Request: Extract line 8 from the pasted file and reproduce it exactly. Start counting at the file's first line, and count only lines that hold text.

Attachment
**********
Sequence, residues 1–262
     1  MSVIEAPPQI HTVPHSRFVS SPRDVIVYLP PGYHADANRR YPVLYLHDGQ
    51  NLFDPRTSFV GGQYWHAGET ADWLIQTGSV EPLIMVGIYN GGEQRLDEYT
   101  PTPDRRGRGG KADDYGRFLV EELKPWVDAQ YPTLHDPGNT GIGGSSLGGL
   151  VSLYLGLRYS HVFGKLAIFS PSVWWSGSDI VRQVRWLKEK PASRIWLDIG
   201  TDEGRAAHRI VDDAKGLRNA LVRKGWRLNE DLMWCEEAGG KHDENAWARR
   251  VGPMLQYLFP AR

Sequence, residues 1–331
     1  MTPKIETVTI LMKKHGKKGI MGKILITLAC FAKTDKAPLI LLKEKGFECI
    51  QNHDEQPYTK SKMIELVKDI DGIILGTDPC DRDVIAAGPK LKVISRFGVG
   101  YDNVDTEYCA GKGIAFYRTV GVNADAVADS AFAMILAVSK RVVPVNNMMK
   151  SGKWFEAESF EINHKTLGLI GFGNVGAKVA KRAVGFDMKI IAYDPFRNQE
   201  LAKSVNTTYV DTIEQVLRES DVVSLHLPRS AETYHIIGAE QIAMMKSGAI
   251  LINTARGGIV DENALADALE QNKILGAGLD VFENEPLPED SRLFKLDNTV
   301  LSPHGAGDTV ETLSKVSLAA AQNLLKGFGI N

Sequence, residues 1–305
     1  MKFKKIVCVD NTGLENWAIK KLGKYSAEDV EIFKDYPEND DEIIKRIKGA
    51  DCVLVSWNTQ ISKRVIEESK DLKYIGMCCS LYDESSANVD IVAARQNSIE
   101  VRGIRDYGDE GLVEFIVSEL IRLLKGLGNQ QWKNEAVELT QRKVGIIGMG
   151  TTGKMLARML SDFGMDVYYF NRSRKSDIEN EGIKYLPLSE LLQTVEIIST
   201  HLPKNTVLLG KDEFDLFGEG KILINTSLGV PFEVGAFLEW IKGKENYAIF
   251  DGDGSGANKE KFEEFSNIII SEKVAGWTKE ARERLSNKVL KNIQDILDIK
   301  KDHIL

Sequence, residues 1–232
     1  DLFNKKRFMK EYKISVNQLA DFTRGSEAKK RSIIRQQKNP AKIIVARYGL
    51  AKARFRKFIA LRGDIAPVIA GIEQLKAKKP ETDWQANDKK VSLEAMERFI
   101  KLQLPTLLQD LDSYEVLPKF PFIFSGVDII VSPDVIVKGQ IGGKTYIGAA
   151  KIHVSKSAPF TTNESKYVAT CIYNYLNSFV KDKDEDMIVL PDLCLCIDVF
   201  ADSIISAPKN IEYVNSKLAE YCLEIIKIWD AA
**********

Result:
Sequence, residues 1–331